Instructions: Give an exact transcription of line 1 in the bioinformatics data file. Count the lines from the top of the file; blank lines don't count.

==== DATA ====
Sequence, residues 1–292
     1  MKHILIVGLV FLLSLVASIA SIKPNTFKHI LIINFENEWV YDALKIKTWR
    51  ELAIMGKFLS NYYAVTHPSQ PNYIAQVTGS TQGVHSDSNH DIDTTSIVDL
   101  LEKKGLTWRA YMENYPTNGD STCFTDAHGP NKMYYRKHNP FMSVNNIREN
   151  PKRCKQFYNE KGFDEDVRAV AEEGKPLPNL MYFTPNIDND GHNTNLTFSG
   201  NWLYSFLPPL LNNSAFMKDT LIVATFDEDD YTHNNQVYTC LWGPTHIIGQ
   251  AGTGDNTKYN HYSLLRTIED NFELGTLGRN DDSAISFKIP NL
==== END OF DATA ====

Sequence, residues 1–292